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U.S. officials: Gitmo transfer talks active

From Andrea Koppel and
Elise Labott
CNN Washington Bureau

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WASHINGTON (CNN) -- The United States and at least 10 other nations are involved in negotiations that could drop the detainee population at Guantanamo Bay by 80 percent -- or 410 people -- within the coming months, State Department officials said.

Saudi Arabia and Yemen are among the countries in "various stages of discussion" with the Bush administration about the return of their citizens in the next two months, said the two U.S. officials who hold senior posts.

Last week the United States and Afghanistan announced an agreement on a similar transfer.

The United States has 510 detainees from 34 countries in custody at Guantanamo.

Citizens from Saudi Arabia, Afghanistan and Yemen account for the majority of those detainees with 129, 110 and 107 respectively, the two U.S. officials said.

Detainees whom the United States considers "really bad guys" will remain in Guantanamo, the officials said, but in coming months the facility population could drop to about 100.

The U.S. military began bringing detainees from Afghanistan to the facility in Cuba in early 2002. The detainees in custody are suspected terrorists.

The releases could begin as early as next month. CNN reviewed the agreement that countries must sign before the United States transfers detainees.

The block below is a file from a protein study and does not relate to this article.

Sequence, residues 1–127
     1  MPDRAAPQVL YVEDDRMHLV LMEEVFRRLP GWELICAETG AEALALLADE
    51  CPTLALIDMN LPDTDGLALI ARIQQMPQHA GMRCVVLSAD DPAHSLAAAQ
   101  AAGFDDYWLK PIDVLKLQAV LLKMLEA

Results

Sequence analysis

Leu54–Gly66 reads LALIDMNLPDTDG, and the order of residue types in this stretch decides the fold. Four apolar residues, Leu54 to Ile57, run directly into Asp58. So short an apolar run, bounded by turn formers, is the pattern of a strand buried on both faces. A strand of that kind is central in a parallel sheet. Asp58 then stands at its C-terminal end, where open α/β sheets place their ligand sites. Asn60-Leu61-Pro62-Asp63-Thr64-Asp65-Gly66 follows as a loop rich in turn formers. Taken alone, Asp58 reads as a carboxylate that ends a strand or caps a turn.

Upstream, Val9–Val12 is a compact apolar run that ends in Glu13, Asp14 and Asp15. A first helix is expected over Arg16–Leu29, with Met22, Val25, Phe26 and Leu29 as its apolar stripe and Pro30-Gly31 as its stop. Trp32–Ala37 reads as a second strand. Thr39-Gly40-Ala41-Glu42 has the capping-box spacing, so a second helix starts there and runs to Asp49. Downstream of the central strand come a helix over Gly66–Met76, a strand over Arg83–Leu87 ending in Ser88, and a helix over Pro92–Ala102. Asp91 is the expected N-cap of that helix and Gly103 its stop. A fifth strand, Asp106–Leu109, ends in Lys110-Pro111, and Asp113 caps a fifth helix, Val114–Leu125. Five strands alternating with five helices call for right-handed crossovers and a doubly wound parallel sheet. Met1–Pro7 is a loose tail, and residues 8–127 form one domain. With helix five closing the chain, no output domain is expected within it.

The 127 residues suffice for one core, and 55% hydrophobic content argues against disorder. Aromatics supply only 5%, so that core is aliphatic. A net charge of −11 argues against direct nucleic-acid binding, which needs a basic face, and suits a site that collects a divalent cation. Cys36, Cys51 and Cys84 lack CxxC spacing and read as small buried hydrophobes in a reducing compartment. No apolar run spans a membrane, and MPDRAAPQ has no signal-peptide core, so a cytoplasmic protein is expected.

The terms include a commitment to:

  • treat detainees "humanely and in a manner consistent with applicable international obligations"
  • refrain from torture
  • allow the United States or a third party such as the International Committee of the Red Cross (ICRC) access to the detainees to "verify the assurances"
  • "investigate, detain and prosecute" the detainee to the fullest extent possible; and
  • provide the United States with "advance notice" and place the detainee on "watch lists" should a country decide to release a detainee.
  • "We're not changing how the detainees are classified," one senior U.S. official said. " We're changing where they're held."

    The United States likely will not release all of a country's citizens at one time after reaching an agreement, one senior U.S. official said.

    This transfers would be more gradual, happening over months or years, the official said. That would allow the countries to avoid having to handle a crush of detainees all at once and provide the United States with the opportunity to ensure that the various governments abide by the terms of the agreement.

    One particularly sticky situation in negotiations with an unnamed European country concerns the placement of more than a dozen Chinese Uigurs -- Turkic people who live mainly in west China and Uzbekistan, the senior officials said. The United States is concerned the Uigurs might suffer abuse in China.

    The officials said that after negative media reports about the Guantanamo facility and alleged desecrations of the Quran, citizens in Muslim countries "woke up" their governments to expediting the necessary preparations for their nationals' return.

    During the last two, years the United States has released at least 80 people, including dozens of detainees to European countries.

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